Behavior

Federal Aid May Help Kids Later in Life

Handicapped student in the library President Biden has said he wants to increase the benefits in a federal program for low-income children and adults with disabilities. But a long-running debate about the program is whether the direct cash assistance helps children when they grow up.

The Supplemental Security Income program, or SSI, clearly has immediate benefits. SSI provides nearly $800 in monthly cash payments and Medicaid health insurance to help parents care for their children and teenagers and manage their physical, cognitive, or behavioral disabilities. However, policy experts disagree on the program’s long-term effects.

Critics say it creates a negative dynamic if it causes poor parents, consciously or unconsciously, to lower their expectations for a child in order to preserve the payments. If the child has a relatively mild disability, the stigma might discourage educational achievements that would ultimately boost his earnings potential as an adult.

However, one analysis in a new study found no evidence that the future earning power of children receiving SSI was affected. This analysis compared kids whose benefits started before and after a 2001 administrative change that led to more benefit terminations.

A second analysis supported the argument made by SSI’s proponents that the program has broader long-term benefits for children. The additional financial resources enable parents to provide more of the educational experiences, nutritious meals, or stable home life that can improve their children’s future prospects.

To assess the merits of this long-term benefits story, the researcher used a different, more indirect approach. This approach was based on a medical exam for 18-year-old SSI recipients that was introduced in 1996 to determine whether their benefits would continue. The researcher compared the future earnings of the younger siblings in poor families in which the 18-year-olds did and did not lose their benefits.

When the 18-year-olds retained their SSI benefits, their younger siblings earned more as adults than the younger siblings in families that had lost benefits. This pattern held true both for the younger siblings who received SSI themselves and for the siblings who did not receive SSI.

The researcher concluded that the evidence suggests that SSI’s household resources may channel a large positive effect on child human capital.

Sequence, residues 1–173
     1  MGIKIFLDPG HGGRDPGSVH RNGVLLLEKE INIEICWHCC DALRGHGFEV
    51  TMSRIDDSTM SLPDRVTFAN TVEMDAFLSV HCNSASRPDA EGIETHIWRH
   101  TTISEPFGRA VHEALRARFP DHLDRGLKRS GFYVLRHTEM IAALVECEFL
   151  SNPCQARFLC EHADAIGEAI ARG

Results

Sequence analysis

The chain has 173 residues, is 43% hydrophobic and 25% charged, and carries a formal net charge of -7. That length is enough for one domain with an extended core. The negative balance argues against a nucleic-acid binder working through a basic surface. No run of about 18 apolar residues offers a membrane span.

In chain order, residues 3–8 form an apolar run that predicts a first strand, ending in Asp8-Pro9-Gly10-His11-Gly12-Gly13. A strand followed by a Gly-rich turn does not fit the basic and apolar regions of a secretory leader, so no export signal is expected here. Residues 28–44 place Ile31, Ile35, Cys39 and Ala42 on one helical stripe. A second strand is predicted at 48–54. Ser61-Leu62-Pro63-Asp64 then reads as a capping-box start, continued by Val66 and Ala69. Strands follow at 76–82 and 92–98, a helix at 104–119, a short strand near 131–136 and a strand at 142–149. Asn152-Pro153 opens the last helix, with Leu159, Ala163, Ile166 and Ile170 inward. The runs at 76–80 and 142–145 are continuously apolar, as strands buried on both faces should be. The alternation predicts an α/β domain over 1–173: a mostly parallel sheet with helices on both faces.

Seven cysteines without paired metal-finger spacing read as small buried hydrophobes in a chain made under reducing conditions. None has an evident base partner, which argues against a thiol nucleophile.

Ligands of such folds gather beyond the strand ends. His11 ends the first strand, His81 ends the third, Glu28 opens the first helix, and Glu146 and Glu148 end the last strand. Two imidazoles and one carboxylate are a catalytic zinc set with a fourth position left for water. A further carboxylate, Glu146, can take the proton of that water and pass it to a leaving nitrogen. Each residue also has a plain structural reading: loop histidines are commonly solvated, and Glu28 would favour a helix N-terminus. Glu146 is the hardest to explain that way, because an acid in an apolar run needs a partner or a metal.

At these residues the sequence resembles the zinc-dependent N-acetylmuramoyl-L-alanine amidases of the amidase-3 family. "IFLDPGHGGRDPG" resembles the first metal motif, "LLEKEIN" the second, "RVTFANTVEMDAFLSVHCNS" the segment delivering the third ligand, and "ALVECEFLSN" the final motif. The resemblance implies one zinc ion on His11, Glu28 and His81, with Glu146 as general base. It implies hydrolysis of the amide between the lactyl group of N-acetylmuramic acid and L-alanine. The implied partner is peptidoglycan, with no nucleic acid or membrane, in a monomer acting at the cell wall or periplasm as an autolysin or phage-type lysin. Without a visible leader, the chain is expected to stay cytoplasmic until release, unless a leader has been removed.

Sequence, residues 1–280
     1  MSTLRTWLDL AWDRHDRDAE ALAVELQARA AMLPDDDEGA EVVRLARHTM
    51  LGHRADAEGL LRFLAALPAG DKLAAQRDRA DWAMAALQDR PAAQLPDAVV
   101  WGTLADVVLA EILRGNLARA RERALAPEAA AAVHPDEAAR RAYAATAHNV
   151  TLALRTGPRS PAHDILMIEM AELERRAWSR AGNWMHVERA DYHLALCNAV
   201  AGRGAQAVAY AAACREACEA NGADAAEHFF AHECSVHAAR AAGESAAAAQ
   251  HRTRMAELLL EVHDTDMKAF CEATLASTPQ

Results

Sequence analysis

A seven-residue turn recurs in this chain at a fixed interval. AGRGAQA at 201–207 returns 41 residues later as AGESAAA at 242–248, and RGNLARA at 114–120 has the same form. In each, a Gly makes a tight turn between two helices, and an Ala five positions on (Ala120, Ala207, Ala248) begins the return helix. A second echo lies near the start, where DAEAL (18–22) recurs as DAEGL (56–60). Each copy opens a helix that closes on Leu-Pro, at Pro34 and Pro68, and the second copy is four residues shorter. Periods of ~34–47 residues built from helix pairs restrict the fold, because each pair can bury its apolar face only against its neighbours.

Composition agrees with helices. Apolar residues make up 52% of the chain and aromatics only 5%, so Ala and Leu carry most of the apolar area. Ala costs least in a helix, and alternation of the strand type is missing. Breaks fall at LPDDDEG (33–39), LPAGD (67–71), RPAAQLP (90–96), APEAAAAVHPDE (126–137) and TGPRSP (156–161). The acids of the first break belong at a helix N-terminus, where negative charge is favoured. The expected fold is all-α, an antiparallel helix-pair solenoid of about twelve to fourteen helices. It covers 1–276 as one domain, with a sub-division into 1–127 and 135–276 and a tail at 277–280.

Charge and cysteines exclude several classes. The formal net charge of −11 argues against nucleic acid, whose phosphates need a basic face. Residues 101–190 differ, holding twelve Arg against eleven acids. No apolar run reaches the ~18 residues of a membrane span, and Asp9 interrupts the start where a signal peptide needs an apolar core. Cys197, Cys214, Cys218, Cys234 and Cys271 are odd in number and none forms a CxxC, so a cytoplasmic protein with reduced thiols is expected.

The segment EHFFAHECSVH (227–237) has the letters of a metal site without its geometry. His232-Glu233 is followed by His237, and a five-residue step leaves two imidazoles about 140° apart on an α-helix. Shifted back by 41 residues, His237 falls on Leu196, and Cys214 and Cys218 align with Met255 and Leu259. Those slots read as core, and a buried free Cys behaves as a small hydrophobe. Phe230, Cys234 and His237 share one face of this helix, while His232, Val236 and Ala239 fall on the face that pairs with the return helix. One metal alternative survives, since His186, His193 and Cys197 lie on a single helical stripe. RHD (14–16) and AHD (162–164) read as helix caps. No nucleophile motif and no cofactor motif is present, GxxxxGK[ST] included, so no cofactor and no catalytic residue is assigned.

To read this study, authored by Manasi Deshpande, see “How Disability Benefits in Early Life Affect Long-term Outcomes.” 

The research reported herein was derived in whole or in part from research activities performed pursuant to a grant from the U.S. Social Security Administration (SSA) funded as part of the Retirement and Disability Research Consortium.  The opinions and conclusions expressed are solely those of the author and do not represent the opinions or policy of SSA, any agency of the federal government, or Boston College.  Neither the United States Government nor any agency thereof, nor any of their employees, make any warranty, express or implied, or assumes any legal liability or responsibility for the accuracy, completeness, or usefulness of the contents of this report.  Reference herein to any specific commercial product, process or service by trade name, trademark, manufacturer, or otherwise does not necessarily constitute or imply endorsement, recommendation or favoring by the United States Government or any agency thereof.

One Response to Federal Aid May Help Kids Later in Life

  1. Doctor Lisan says:

    You are right, federal aid helps the child later in life. More and more college students are now getting much of their college expenses from federal financial aid. Especially for those in medical school. Medical school is one of the most expensive and many students cannot afford the high cost of medical tuition, so most medical school students apply for financial aid and various scholarships.

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